2012 Prediction #2: Enterprises will provide anytime, anywhere access to data

The desire to access data regardless of how and where it is stored within the infrastructure will continue to increase, forcing companies to address this need by creatively providing solutions which allow individuals to consolidate different types of storage into one pool. The age of monolithic, proprietary, hardware-bound storage solutions is coming to an end. With storage increasingly consumed as a scalable and highly distributed pool across cloud environments, we will be asked to embrace the concept of file and object storage.

Businesses will begin to see the advantages of having unstructured data stored and available in "the cloud." They will also begin to more heavily consider Big Data and its associated storage component. Additionally, they will continue to implement solutions that deliver the possibility of storing data in a centrally managed but globally accessible pool, accessible anywhere and by multiple users, applications, and over multiple protocols. Users will require the consolidation of a wide range of applications onto a single, more cost-efficient storage resource to eliminate the need for data migration between multiple systems.

2011 Trend #3: Highly available storage becomes a necessity

Many organizations continued to require a high-performance and highly available IT infrastructure to meet customer service-level agreements. By deploying a cloud infrastructure, there subsequently became an increased need for secure and reliable cloud storage. With many individuals working remotely and from different locations, along with businesses requiring 24/7 access to their data, cloud storage became an increasing necessity for business operations.

Organizations began to realize that cloud storage could eliminate the need to install physical storage devices, therefore reducing IT costs. It became increasingly obvious that storage maintenance tasks such as data replication and backup could be handled in the cloud, allowing companies to focus on their business rather than their storage needs. It became increasing necessary to implement high availability solutions for cloud storage.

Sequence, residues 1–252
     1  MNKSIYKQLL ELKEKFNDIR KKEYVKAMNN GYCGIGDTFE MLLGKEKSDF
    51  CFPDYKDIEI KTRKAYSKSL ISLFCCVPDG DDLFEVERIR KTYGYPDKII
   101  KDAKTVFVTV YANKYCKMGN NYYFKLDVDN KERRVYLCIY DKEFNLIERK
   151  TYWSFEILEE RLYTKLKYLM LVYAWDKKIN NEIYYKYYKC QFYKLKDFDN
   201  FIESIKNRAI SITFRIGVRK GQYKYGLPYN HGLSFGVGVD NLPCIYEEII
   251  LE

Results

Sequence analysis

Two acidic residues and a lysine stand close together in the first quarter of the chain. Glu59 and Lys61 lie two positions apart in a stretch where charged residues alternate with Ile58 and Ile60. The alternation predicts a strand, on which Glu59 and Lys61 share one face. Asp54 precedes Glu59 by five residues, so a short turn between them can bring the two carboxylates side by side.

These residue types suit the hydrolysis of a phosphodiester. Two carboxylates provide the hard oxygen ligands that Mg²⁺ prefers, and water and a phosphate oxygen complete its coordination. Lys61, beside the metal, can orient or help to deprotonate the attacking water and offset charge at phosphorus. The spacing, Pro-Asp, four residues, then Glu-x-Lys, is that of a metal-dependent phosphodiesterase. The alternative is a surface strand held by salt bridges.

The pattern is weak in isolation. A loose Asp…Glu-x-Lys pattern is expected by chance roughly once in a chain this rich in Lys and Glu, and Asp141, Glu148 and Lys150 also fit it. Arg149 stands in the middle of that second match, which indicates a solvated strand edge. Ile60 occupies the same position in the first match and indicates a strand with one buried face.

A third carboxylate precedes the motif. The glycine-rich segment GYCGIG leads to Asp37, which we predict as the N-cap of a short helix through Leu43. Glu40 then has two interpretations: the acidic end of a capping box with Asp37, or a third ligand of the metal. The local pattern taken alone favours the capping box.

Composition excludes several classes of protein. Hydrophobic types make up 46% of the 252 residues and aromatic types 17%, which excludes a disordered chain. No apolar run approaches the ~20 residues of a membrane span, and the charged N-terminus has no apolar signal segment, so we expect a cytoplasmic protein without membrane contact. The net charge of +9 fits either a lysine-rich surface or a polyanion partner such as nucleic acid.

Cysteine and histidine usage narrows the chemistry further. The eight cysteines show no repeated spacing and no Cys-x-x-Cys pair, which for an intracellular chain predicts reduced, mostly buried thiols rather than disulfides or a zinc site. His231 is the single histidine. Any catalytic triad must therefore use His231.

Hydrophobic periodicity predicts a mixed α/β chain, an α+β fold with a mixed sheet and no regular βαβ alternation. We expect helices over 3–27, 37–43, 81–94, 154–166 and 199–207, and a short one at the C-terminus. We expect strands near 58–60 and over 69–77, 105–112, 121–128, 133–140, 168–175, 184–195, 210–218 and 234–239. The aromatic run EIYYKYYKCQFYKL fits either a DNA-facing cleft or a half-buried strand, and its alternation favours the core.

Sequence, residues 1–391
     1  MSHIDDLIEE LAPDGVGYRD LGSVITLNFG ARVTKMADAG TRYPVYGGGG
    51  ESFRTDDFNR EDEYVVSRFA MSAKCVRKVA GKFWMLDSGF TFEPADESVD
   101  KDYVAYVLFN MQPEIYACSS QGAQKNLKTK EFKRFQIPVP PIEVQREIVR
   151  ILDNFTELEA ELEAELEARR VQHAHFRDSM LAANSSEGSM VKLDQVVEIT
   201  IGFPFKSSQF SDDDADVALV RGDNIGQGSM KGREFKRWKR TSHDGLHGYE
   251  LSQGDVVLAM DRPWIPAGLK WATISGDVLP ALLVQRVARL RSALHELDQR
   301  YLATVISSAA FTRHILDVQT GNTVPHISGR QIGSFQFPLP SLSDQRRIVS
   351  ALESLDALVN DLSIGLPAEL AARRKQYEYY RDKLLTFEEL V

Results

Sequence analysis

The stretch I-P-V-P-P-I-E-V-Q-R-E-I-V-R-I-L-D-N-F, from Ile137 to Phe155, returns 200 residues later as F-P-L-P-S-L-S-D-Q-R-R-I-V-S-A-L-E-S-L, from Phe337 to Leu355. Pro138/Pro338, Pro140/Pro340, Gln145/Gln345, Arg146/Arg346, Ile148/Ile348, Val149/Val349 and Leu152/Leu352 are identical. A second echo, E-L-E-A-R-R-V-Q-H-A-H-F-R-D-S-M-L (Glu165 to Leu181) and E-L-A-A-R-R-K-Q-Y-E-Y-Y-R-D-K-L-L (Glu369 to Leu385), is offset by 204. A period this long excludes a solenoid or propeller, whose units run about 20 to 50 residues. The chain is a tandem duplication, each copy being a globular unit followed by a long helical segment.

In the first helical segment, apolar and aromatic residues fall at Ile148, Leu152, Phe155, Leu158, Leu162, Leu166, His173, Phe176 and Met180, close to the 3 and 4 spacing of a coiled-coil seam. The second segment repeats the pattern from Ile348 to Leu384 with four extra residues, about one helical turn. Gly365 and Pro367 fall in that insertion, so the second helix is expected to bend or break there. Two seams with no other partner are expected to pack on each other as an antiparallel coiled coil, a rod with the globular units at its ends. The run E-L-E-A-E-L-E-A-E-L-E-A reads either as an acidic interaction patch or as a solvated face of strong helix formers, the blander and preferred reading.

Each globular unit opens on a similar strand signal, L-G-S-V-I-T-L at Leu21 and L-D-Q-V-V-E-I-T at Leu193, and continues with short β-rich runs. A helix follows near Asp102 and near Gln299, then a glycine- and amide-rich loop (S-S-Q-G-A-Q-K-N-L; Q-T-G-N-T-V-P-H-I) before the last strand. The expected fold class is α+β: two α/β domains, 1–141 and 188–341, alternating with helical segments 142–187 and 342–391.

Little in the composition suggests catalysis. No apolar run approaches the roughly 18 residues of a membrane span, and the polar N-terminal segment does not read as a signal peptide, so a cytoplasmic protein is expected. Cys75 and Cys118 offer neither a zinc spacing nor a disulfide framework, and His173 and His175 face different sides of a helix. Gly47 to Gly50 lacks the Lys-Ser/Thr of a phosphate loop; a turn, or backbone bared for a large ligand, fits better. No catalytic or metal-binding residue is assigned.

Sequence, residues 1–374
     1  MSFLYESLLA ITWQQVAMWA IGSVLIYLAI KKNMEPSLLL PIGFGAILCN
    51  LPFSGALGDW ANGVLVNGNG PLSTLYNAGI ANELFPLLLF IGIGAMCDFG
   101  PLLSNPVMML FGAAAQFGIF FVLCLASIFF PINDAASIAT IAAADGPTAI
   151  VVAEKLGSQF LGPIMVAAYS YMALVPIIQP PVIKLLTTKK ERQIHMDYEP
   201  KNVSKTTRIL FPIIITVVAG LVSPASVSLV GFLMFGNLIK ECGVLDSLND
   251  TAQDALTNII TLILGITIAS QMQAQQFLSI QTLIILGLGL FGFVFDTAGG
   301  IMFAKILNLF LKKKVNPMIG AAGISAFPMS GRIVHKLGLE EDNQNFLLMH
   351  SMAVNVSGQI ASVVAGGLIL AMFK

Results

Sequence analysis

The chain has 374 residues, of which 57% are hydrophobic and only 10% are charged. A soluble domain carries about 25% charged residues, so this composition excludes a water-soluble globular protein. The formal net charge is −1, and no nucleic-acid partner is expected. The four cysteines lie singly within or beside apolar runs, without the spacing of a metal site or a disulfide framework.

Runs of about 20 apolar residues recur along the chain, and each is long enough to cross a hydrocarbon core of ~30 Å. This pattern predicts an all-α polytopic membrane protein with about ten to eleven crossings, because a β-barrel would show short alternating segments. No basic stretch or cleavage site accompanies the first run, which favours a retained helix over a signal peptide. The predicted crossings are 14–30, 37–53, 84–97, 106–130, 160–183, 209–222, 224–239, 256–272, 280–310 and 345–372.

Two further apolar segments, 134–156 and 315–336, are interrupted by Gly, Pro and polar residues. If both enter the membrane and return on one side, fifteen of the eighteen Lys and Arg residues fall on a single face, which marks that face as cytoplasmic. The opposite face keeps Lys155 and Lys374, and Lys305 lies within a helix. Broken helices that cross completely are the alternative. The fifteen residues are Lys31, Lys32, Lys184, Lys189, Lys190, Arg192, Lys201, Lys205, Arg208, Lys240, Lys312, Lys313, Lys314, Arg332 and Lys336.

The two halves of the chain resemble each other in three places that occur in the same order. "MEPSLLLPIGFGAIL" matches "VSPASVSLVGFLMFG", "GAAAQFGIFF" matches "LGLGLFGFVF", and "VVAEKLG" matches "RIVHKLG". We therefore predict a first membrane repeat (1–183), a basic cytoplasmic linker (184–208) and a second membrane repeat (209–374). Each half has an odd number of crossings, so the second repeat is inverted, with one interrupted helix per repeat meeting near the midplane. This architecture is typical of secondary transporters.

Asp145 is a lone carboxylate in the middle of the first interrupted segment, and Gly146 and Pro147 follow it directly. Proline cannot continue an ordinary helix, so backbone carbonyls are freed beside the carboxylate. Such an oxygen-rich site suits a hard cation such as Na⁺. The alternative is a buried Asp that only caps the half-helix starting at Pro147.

2012 Prediction #3: Enterprise replication standards will be adopted in the cloud

Businesses will accelerate the adoption of data replication standards developed in the enterprise data center to the cloud. Local synchronous replication within a private cloud and between availability zones in a public cloud will become more common place as recovery time objectives (RTO) and recovery point objectives (RPO) are more heavily considered and implemented.

Additionally, asynchronous data replication over long distances will move forward from the "want to have" category in the private and public cloud to the "can implement now" category as cloud storage providers deliver replication over vast geographical distances with innovative new replication solutions. The biggest impact here will be felt in the public cloud, where data replication innovation has been slow to progress, and 2012 will see tremendous progress being made in this area.

A Final Word

Where 2011 was a year of figuring out what storage works best in what infrastructure, 2012 will be the year that innovation soars within the industry.

John Kreisa is the director of marketing for Red Hat’s Storage Business Unit. You can contact the author at